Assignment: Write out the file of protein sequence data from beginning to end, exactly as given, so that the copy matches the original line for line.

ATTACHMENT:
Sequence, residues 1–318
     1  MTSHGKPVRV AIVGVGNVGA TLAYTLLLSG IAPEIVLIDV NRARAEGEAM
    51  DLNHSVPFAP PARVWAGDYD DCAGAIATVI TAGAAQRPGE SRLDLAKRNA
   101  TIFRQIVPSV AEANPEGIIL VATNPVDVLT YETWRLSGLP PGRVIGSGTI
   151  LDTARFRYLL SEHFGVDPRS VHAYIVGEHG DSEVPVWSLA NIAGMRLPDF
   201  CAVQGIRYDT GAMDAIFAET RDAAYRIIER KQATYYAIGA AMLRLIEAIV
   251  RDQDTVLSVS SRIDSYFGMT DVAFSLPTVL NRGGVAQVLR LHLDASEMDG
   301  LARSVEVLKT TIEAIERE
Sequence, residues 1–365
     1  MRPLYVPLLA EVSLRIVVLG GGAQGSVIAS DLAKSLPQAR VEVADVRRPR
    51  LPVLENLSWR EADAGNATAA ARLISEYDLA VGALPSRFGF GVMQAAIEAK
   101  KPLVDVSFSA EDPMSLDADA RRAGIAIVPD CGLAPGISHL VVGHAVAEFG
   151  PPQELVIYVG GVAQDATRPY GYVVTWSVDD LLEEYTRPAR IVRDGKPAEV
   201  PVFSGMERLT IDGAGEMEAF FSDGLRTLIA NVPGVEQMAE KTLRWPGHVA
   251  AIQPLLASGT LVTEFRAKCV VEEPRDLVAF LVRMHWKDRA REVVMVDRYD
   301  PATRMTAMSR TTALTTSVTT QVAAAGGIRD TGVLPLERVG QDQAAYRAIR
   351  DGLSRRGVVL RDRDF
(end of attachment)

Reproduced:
Sequence, residues 1–318
     1  MTSHGKPVRV AIVGVGNVGA TLAYTLLLSG IAPEIVLIDV NRARAEGEAM
    51  DLNHSVPFAP PARVWAGDYD DCAGAIATVI TAGAAQRPGE SRLDLAKRNA
   101  TIFRQIVPSV AEANPEGIIL VATNPVDVLT YETWRLSGLP PGRVIGSGTI
   151  LDTARFRYLL SEHFGVDPRS VHAYIVGEHG DSEVPVWSLA NIAGMRLPDF
   201  CAVQGIRYDT GAMDAIFAET RDAAYRIIER KQATYYAIGA AMLRLIEAIV
   251  RDQDTVLSVS SRIDSYFGMT DVAFSLPTVL NRGGVAQVLR LHLDASEMDG
   301  LARSVEVLKT TIEAIERE
Sequence, residues 1–365
     1  MRPLYVPLLA EVSLRIVVLG GGAQGSVIAS DLAKSLPQAR VEVADVRRPR
    51  LPVLENLSWR EADAGNATAA ARLISEYDLA VGALPSRFGF GVMQAAIEAK
   101  KPLVDVSFSA EDPMSLDADA RRAGIAIVPD CGLAPGISHL VVGHAVAEFG
   151  PPQELVIYVG GVAQDATRPY GYVVTWSVDD LLEEYTRPAR IVRDGKPAEV
   201  PVFSGMERLT IDGAGEMEAF FSDGLRTLIA NVPGVEQMAE KTLRWPGHVA
   251  AIQPLLASGT LVTEFRAKCV VEEPRDLVAF LVRMHWKDRA REVVMVDRYD
   301  PATRMTAMSR TTALTTSVTT QVAAAGGIRD TGVLPLERVG QDQAAYRAIR
   351  DGLSRRGVVL RDRDF